Accrual Accounting

To convert your financial statements from Cash to Accrual, you will need to make Journal Entries in your accounting system. These entries may include:

  • Defer Team Revenue – record team revenue in the same period as the games are played
  • Defer Class Revenue – record class revenue in the same period the classes are given
  • Defer Camp Revenue – record camp revenue in the same period the camps take place
  • Defer Membership Revenue – record membership revenue throughout the period in which the membership is valid
  • Defer Rental Revenue – record rental revenues in the period in which the rental takes place

The above entries are necessary to meet Generally Accepted Accounting Principals. These principals also consider the materiality of a particular adjustment, which means how significant that adjustment changes the picture your financial statements provide of your current financial position. For Example, if your company’s Total Sales in a year are $2,000,000 you likely need not worry about adjustments that are less than $10,000 at the end of the year. Ultimately, this is your call, but you may want to consult a financial accountant (not tax) to better understand this concept.

Why Accrual Accounting? 

Simply put, accrual accounting provides more accurate information to manage your business and understand your true financial position. A simple example to illustrate is collection of team fees in advance of a season. If you didn’t run the league, would you owe the money back to your teams? Accrual Accounting shows this liability on your books, while cash basis records the team fees as revenue when collected and then negative revenue when you return it.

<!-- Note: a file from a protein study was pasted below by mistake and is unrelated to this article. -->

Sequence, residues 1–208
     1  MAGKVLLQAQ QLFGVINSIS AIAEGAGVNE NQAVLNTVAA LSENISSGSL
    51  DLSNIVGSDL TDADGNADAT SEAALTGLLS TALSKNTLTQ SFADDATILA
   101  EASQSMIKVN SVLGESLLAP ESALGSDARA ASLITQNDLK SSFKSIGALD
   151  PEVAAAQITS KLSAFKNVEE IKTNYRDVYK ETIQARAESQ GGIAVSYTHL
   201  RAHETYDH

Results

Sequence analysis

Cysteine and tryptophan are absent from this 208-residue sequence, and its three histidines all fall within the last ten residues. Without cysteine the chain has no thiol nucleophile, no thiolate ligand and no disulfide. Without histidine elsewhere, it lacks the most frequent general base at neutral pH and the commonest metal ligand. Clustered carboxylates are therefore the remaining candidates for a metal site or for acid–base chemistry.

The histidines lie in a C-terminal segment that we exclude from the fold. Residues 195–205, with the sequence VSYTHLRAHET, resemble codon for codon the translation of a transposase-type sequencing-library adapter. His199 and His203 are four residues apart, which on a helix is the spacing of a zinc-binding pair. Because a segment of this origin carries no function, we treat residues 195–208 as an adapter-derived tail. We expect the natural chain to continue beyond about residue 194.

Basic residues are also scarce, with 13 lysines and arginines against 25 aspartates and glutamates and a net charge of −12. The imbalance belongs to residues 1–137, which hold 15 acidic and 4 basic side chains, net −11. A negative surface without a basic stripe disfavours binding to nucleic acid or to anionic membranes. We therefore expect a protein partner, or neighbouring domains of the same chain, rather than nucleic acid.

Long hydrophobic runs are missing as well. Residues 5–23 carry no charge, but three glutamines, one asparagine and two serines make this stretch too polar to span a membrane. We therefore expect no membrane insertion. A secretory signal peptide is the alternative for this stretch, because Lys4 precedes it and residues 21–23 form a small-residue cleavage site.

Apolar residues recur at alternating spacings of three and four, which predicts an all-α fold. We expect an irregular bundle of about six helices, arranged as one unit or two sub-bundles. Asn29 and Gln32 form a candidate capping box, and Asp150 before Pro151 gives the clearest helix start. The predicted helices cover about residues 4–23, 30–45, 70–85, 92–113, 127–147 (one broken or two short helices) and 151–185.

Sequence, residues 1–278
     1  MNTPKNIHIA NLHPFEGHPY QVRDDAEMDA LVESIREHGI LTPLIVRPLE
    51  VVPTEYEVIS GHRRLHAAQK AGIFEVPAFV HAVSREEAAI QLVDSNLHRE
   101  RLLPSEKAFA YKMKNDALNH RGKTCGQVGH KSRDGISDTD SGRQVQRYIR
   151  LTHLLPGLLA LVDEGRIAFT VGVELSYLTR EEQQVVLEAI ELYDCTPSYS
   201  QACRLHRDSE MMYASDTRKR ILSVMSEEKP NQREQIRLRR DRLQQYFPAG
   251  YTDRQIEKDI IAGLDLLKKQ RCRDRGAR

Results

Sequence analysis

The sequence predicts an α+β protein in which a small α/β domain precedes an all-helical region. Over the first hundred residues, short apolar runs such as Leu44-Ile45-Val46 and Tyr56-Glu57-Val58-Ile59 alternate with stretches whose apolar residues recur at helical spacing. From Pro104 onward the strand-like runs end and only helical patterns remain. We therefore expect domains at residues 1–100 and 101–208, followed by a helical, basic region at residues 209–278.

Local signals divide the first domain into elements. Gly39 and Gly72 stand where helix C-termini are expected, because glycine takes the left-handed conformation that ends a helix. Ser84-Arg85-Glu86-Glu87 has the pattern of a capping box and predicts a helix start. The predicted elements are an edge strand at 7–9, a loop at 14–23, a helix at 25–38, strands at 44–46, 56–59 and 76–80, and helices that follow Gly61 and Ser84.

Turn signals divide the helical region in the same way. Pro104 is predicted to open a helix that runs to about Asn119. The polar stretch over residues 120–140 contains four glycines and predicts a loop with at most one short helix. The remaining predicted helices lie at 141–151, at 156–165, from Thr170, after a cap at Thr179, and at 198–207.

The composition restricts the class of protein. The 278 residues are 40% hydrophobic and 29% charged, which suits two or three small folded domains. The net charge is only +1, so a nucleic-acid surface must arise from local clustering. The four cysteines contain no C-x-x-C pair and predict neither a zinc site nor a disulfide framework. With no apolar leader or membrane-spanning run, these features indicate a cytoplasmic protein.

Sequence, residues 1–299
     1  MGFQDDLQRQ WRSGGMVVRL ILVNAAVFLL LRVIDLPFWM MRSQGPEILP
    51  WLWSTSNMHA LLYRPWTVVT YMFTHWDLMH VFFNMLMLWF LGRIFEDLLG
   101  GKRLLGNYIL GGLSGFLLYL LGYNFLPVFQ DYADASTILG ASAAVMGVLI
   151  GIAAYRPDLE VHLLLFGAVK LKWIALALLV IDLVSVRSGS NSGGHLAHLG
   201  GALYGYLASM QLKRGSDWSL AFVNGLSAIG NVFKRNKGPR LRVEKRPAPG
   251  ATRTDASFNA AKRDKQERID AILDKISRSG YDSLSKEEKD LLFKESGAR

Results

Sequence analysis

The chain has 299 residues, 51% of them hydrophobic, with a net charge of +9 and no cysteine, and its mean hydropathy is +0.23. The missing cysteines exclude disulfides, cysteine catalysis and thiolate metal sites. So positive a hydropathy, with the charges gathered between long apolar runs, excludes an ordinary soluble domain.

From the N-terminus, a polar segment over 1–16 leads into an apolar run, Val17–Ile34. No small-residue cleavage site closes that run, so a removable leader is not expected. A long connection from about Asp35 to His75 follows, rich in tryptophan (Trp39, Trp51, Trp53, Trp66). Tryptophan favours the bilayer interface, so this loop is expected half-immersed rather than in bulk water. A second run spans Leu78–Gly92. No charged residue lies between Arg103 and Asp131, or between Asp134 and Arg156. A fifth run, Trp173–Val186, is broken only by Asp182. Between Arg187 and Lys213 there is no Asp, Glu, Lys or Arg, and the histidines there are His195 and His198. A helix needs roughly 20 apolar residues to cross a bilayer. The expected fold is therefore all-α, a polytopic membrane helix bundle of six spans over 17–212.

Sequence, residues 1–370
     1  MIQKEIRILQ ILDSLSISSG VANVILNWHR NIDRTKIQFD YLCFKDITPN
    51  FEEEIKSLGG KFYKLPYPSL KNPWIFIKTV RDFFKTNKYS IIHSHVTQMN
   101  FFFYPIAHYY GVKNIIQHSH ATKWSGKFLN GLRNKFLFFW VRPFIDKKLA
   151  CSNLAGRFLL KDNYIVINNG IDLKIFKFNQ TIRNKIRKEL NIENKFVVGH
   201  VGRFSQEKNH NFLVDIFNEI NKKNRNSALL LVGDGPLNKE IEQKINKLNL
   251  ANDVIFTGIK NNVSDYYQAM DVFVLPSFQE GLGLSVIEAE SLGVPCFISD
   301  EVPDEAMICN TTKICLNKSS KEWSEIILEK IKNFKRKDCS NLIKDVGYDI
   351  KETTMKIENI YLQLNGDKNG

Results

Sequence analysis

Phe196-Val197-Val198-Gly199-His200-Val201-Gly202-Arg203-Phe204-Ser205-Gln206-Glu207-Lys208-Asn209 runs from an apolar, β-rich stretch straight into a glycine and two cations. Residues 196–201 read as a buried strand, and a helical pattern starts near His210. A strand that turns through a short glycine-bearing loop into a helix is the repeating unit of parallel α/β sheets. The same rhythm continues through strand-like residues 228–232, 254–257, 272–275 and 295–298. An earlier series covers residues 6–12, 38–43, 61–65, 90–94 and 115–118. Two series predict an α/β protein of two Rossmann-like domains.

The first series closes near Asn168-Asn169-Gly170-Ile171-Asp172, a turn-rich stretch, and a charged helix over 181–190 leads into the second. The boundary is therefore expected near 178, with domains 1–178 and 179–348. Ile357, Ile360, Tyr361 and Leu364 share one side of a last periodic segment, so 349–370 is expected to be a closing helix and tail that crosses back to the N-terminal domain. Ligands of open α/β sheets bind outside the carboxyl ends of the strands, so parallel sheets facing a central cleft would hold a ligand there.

Cash basis basically reports what happened in your bank account for a given period. Accrual Accounting is a true representation of the financial performance of your company…good or bad!

Many companies think they are on a cash basis, but are part accrual and part cash. If you have accounts payable, inventory and accounts receivable on your books, you fit into this category. Cash records expenses when you write the check. These types of accounts are accrual accounting.

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